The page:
Adirondacks Lakes and Trails Outfitters manager Jason Smith calls St. Regis Pond “the heart of the Seven Carries” — and for good reason. At 400 acres, it’s really more of a lake — one that’s renowned for trout fishing. Lined by spruce, balsam and white pine, it boasts four islands, one of which I called home for the night.
Not long after I beached my canoe, pitched my tent and cooked dinner, the low, gray clouds that had lingered overhead all day let loose a light drizzle. I responded by fixing myself a canoeist’s cocktail of hot chocolate and whiskey and sipped it on a rock at the foot of the island.
As a solitary loon cackled in the distance, I hummed an improvised tune to a couplet Nessmuk penned at the start of his first Adirondack letter of August 1880, soon after acquiring his first custom-built J.H. Rushton canoe.
“She’s all my fancy painted her, she’s lovely, she is light,” he wrote. “She waltzes on the waves by day and rests with me at night.”
After breaking camp the next morning, I took an extraneous paddle to the western end of St. Regis Pond and jogged the portage trail to Ochre Pond, leaving my canoe and belongings behind.
On the path I once more encountered humanity, if you can call it that: a gaggle of teenage boys, who seemed too busy complaining about the carry and the bugs to notice me. Exhibiting a dearth of portaging prowess, the gangliest among them found his forward momentum halted when the paddle he’d tied horizontally to his backpack became lodged between two trees.
Back on St. Regis Pond, I paddled south to the longest carry of the trip: a measly 0.6-mile stroll to Little Clear Pond, which features a state fish hatchery, a ban on camping and fishing, and a correspondingly healthy population of loons. By the time I reached the parking lot and the conclusion of my paddle, some half dozen of the submerged, flightless birds had crossed my bow.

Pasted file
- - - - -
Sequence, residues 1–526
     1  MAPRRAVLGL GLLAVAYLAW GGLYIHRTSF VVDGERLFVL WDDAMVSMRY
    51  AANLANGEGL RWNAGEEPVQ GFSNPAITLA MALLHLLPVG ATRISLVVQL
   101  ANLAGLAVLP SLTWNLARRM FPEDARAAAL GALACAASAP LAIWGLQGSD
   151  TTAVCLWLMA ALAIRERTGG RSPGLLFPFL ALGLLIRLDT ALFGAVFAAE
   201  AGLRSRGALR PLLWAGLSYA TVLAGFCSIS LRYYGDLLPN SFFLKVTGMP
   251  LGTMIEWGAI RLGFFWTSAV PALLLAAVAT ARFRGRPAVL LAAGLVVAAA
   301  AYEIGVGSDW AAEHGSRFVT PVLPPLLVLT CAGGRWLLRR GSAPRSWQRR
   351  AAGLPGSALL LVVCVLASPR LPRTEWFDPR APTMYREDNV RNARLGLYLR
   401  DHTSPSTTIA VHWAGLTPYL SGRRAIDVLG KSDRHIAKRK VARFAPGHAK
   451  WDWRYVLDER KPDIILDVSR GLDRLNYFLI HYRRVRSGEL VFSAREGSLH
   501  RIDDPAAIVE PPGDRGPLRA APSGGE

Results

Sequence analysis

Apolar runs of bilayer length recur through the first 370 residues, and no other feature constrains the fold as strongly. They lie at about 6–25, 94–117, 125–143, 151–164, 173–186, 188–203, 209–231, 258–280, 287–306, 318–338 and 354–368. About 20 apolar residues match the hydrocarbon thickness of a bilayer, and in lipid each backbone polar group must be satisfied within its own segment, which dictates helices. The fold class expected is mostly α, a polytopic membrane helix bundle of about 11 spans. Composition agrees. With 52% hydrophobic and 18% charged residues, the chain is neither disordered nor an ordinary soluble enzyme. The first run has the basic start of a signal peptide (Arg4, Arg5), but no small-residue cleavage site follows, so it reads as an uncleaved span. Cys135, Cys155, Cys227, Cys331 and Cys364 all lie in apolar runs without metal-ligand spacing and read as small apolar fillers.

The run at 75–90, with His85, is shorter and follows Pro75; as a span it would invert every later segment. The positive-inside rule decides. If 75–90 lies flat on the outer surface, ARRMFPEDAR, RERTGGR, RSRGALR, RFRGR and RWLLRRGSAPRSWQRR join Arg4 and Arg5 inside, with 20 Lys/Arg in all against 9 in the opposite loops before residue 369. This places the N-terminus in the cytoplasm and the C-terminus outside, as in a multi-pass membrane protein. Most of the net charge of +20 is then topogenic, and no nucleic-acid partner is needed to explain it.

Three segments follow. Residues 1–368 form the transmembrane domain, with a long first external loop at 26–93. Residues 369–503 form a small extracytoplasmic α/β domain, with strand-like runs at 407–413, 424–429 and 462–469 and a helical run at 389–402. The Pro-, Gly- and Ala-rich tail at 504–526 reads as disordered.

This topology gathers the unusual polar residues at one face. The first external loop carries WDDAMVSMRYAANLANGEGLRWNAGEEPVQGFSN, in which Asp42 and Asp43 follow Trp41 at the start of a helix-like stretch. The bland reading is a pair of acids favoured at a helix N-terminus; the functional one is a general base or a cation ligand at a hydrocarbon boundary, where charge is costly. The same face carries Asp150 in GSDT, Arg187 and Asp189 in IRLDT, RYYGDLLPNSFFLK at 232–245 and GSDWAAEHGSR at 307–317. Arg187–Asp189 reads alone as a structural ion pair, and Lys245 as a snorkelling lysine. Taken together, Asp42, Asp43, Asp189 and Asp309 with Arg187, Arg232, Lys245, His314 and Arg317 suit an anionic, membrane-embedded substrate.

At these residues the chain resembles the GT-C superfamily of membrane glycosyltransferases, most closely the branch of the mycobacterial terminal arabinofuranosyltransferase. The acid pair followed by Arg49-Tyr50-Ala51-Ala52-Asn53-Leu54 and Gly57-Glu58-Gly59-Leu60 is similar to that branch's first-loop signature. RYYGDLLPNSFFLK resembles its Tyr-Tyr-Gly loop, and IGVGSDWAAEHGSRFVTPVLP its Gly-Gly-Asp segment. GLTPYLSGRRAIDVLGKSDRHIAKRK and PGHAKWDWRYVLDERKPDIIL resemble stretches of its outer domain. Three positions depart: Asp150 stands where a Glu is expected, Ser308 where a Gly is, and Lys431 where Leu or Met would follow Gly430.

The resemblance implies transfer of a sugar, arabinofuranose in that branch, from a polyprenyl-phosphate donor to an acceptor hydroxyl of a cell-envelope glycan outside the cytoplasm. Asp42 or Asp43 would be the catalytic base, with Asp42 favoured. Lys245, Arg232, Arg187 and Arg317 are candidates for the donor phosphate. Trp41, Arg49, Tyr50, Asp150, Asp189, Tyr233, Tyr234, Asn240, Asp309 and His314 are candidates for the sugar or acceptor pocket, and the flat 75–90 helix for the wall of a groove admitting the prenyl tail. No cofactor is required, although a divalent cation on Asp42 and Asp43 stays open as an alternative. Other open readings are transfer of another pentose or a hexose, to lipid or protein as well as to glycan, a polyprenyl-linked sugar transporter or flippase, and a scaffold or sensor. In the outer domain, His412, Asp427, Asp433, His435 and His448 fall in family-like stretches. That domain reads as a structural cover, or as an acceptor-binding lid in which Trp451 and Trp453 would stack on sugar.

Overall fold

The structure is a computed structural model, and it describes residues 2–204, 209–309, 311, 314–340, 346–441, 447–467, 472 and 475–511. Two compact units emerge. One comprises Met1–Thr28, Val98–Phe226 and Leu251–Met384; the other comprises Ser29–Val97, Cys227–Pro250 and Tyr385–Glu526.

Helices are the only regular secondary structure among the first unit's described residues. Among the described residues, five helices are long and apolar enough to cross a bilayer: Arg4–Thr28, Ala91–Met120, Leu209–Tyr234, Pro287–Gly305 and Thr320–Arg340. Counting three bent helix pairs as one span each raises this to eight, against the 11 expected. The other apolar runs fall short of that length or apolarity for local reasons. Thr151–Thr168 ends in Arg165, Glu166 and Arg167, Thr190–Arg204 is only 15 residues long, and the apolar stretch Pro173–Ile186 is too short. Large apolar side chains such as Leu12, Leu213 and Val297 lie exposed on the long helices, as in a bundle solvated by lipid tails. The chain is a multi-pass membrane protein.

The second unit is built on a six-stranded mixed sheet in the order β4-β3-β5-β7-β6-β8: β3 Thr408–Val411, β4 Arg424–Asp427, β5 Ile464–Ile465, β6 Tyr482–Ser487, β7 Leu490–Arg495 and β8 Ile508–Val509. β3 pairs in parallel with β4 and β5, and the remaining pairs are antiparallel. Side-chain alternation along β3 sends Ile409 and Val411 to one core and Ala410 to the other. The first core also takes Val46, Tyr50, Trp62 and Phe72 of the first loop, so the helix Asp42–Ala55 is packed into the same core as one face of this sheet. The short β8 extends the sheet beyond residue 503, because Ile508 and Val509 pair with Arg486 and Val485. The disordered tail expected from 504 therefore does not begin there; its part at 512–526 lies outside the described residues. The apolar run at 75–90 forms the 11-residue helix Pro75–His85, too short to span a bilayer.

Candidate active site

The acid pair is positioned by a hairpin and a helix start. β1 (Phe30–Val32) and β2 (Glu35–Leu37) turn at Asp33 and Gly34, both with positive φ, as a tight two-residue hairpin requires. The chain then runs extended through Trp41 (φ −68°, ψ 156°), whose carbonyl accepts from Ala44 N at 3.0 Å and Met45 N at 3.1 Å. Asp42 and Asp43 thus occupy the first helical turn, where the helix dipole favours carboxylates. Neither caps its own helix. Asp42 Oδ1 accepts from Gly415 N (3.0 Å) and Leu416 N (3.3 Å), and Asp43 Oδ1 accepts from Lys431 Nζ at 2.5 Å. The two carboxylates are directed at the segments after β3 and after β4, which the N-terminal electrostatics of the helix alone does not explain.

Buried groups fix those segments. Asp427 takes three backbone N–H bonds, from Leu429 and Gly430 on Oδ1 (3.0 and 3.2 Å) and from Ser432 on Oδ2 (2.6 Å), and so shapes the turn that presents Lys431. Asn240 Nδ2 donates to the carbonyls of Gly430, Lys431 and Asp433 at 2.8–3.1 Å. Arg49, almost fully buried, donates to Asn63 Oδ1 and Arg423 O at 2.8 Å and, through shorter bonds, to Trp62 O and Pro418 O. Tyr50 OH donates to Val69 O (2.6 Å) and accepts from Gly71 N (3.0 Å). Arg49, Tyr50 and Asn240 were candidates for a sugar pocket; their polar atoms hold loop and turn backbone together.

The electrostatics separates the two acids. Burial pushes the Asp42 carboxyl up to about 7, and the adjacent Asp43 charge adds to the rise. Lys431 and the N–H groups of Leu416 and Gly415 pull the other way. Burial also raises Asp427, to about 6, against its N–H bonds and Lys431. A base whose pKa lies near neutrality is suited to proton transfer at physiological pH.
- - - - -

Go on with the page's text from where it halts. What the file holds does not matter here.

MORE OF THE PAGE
The wise canoeist stages a second car at the end of his paddle, or hires an outfit such as MAC’s Canoe Livery to shuttle him back to his car, but I always like a good hitch. So I stashed my gear under my canoe at the side of the pond and stuck out a thumb on Route 3, the scenic east-west Adirondack corridor known as the “Olympic Byway.”
Twenty minutes later, a real estate agent pulled over and drove me to the next intersection, halfway to my destination — but my second hitch was long in coming. Finally, a gray Honda Civic came to a screeching halt just before a bridge. Its driver was a robust woman with short gray hair. She was wearing a T-shirt, basketball shorts and a white bandana.
“My name’s Sister Carol,” she said, explaining that she’d picked me up because I, too, was wearing a bandana.
Sister Carol careened down the road with one hand on the wheel and the other holding a glass of iced coffee. Country-western music played on the radio and a figurine of St. Francis was glued to the dashboard.
A former Catholic schoolteacher, the Adirondack nun was now assigned to the Catholic Churches of the Mountains and Lakes. She spent her days, she said, taking her congregants on errands and looking after the parish’s four churches.
And canoeing — ever since one churchgoer, Mr. Carillon, passed away and bequeathed to her his canoe.
When we reached Paul Smith’s College, where I’d left my car the previous day, Sister Carol veered across the road and pulled off on the opposite shoulder. I thanked her for the ride and got out of the car.
“Wait!” she said. “You forgot your tip!”
Sister Carol picked up a bowl from the console and extended it toward the passenger-side window.
“Have a strawberry!” she said.
All photos by Paul Heintz.
The original print version of this article was headlined "Paddle Power"